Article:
Monday, August 27, 2018

Music: Tian Mi Mi

My family and I saw "Crazy Rich Asians" over the weekend, and to be honest, we were pretty underwhelmed. While it was fun seeing an all Asian and Asian-American cast in a mainstream Hollywood movie, the movie in question was a maudlin, predictable, and (dare I say it?) boring romantic comedy. "Enter the Dragon" it was not.

I did like the "Crazy Rich Asians" soundtrack, though - not just the meta Mandarin and Cantonese covers of famous Western songs, but also the Chinese standards the producers weaved in, sometimes as subtle background music. Hearing Teresa Teng's timeless voice during a high-society party in Singapore means a lot, even for someone who doesn't speak a word of Mandarin:

Sunday, August 26, 2018

Miscellany: Go-Ped KickPed review

As far as kick scooters made for "last mile" commuting go, I've been very happy with my Xootr Roma. However, I was curious about the other major option in this market segment - Go-Ped's "Know Ped" - so I ponied up the cash and bought the KickPed:

The KickPed is a special stripped-down version of the Know Ped made for a prominent bike shop in New York City called NYCeWheels (quick note - everything on Shangrila Towers is bought at retail with my own money; I am not beholden to anyone and do not get special manufacturer "samples"). The KickPed subtracts the Know Ped's front caliper brakes, gets a simpler clearcoat (or black) finish, and has a narrow, kick-friendly deck. Let's see how the KickPed compares with my Xootr Roma, shall we?

Wheels - The KickPed uses wide rubber wheels that eat up sidewalk cracks like candy. It's a lot more comfortable to ride than the Xootr, which has rollerblade-like polyurethane tires that transmit every road imperfection to your body. Of course, you can't get something for nothing - the wide wheels of the KickPed have more rolling resistance, making the scooter a little slower than the Xootr on level ground.

Brakes/Fender - Subtracting the front brake simplifies things a lot in the KickPed, but I find that I really miss the Xootr's elegant front brake system, which allows you to subtly control speed without resorting to the fender brake.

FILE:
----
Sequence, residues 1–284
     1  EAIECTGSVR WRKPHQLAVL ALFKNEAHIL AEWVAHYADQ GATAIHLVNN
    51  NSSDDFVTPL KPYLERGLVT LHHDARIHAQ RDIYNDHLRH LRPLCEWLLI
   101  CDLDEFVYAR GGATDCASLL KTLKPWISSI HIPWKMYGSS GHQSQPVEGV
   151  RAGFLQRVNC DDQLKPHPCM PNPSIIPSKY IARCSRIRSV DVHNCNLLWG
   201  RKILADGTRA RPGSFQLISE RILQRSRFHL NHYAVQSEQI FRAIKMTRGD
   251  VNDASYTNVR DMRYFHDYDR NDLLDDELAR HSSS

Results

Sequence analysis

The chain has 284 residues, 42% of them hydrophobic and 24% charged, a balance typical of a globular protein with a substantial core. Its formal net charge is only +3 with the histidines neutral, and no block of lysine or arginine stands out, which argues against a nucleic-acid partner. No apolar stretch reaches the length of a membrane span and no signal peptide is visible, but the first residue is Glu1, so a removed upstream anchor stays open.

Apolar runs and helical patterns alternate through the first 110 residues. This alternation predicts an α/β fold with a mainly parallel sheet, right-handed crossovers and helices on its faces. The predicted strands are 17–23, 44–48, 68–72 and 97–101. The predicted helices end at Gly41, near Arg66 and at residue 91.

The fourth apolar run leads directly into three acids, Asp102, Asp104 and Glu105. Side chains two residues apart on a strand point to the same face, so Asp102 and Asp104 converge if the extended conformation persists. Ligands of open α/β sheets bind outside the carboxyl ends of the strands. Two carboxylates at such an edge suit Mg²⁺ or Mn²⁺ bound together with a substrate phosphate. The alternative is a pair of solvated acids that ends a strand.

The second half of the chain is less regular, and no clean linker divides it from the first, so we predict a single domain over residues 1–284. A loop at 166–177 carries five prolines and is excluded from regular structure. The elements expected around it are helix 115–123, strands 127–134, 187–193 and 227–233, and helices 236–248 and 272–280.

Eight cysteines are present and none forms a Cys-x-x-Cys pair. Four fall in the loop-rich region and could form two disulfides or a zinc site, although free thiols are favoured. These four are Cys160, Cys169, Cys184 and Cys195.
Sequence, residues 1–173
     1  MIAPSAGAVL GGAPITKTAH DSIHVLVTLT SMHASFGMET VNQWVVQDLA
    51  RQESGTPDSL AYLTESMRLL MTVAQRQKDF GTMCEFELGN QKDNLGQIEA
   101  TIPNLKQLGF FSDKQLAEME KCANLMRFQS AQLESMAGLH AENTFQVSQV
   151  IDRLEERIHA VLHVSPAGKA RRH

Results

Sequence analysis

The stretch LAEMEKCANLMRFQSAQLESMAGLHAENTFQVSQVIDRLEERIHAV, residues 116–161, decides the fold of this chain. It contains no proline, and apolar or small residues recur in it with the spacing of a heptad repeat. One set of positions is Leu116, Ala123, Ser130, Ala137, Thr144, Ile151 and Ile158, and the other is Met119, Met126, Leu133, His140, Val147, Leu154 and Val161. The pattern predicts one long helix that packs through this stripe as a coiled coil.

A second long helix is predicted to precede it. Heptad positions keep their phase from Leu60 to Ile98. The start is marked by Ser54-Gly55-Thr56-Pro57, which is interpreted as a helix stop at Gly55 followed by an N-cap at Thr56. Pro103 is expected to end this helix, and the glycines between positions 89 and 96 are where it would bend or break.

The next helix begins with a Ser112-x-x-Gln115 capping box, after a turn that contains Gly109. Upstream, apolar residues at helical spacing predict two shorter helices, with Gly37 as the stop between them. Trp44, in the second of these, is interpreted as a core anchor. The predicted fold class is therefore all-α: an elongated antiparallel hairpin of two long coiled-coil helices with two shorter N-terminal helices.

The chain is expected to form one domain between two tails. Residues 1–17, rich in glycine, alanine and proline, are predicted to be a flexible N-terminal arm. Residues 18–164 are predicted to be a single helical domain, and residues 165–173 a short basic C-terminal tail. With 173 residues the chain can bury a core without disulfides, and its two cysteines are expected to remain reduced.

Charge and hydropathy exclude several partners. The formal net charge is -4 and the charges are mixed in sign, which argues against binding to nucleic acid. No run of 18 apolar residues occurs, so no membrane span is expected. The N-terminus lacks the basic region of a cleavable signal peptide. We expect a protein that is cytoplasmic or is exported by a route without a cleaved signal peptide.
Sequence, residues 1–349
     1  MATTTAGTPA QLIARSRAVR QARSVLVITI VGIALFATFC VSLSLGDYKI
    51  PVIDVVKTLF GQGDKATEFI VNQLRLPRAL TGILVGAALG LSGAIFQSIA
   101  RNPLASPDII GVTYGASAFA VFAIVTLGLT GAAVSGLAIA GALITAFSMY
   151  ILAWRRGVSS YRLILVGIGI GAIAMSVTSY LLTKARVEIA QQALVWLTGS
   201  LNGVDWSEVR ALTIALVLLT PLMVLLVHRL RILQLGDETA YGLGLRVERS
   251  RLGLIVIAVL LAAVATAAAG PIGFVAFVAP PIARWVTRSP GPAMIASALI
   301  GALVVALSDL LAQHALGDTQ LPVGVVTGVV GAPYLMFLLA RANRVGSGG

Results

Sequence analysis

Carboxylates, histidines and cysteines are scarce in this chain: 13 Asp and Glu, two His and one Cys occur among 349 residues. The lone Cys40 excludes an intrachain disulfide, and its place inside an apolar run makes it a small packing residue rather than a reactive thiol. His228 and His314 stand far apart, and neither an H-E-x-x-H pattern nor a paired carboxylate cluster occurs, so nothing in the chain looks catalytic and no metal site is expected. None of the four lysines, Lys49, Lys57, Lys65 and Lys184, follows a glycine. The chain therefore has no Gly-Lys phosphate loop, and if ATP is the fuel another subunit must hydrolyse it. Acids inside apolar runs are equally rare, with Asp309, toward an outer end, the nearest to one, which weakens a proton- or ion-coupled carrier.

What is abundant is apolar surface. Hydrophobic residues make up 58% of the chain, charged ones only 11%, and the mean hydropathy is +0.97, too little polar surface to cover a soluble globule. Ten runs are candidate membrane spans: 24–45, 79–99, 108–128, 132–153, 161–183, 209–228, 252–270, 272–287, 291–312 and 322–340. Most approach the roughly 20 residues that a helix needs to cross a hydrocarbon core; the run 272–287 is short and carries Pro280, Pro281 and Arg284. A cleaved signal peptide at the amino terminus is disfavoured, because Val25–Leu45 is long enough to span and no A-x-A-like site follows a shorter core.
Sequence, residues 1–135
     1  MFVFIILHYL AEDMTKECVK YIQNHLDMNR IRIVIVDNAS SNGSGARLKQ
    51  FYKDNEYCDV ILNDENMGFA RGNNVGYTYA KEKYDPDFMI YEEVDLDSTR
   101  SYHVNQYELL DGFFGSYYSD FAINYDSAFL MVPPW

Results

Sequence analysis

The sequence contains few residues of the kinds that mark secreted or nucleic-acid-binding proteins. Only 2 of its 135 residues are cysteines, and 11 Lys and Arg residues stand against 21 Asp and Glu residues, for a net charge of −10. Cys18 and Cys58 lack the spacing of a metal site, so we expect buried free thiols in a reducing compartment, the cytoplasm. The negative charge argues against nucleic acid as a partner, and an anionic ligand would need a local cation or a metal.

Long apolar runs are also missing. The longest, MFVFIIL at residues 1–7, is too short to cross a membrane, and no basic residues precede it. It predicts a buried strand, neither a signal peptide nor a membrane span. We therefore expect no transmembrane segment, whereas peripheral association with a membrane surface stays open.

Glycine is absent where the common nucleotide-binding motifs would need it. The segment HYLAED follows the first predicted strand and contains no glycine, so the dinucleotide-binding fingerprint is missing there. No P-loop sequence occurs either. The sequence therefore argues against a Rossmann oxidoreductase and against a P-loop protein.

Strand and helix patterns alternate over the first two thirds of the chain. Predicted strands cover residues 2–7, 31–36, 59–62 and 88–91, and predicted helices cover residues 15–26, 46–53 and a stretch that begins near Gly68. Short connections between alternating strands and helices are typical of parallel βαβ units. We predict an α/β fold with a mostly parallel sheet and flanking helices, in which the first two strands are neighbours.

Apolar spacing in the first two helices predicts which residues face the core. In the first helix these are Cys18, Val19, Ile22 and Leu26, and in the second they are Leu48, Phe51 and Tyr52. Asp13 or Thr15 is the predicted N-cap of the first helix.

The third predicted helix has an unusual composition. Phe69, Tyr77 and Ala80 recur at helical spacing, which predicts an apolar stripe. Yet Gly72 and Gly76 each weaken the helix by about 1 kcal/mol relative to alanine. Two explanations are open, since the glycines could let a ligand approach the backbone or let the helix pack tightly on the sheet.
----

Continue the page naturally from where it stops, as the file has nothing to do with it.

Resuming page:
Deck - This one's a tie, I think - both decks feel really solid and haven't worn down a bit. My guess is that the solid aluminum Xootr deck will last longer, but the KickPed deck is no slouch and offers slightly more traction for wet shoes.

Folding Mechanism - The KickPed is dead easy to fold, but there's some movement in the collapsed package - it isn't one rigid piece like the Xootr. The KickPed is also noticeably heavier and bigger when folded than the Xootr. If you're carrying the scooter through a grocery store or a subway line, the Xootr wins.

All in all, the KickPed is a fine scooter that I wouldn't hesitate to recommend. For the type of lunch-hour commuting I do, though, speed is paramount, so the Xootr Roma is still my choice.

Guns: The Tacticool Remington 870 Wingmaster, Part 2 - The Stock and the Weaponlight

I converted my vintage Remington 870 Wingmaster into a modern home defense shotgun. In Part 1 of the series, I swapped out its unwieldy 30" barrel with a shorter 18.5" replacement, a nearly essential upgrade if you plan on using a shotgun indoors. Today, let's look at dressing up the old girl's furniture:

The wood stock that came on my 870 was in great shape, but it had a few shortcomings. It was a bit long for the squared-up fighting stance that's popular these days, it sported an uncomfortable 1980s-era buttpad, and, most importantly, it lacked any place to attach a light to the gun.

If you are short on funds, it's possible to cut an 870 stock and duct tape a light on yourself. I'm lazy, so I opted to grab Magpul's SGA stock, SGA receiver sling mount, M-LOK forend set, and M-LOK cantilever rail mount.

It's an easy install. Besides what Magpul packages in the box, there are no special tools required, save perhaps a long screwdriver to get the original stock off. The cantilever mount gives you a small section of Picatinny rail on the forend, to which you can attach any light you want.

I opted for Streamlight's excellent ProTac Rail Mount 1 - it screws onto the rail in literally five seconds, it's a bit more budget friendly than the SureFire weaponlights, and it can use both AA and CR123A batteries, which can be handy in a grid-down situation (read: hurricanes). While the ProTac comes with a pressure switch, I used the standard endcap to minimize the chance of a negligent light discharge.

With the shotgun now short as possible without a tax stamp, and with the critical addition of a weaponlight, the shotgun is now ready for duty. There are a few more things to add to make it really boss, though.

Upgrades still to come - magazine tube and sidesaddle, sling...

Saturday, August 25, 2018

Food: Griot Caribbean Take Out

The Bay Bay's Chicken & Waffles location near my office closed up shop not long ago, and in its place opened a Haitian take out joint, descriptively named "Griot Caribbean Take Out."

For $7, you can get a half order of griot (fried pork) and a big ole pile of diri djon djon (mushroom-flavored rice and peas), garnished with a small tub of spicy pikliz (pickled cabbage and peppers) - tasty, unpretentious, and oh-so-filling.

Griot ain't the world's best Haitian restaurant, but it's probably the world's best Haitian restaurant within a 5 minute drive from my office.

Rating: 2/4 stars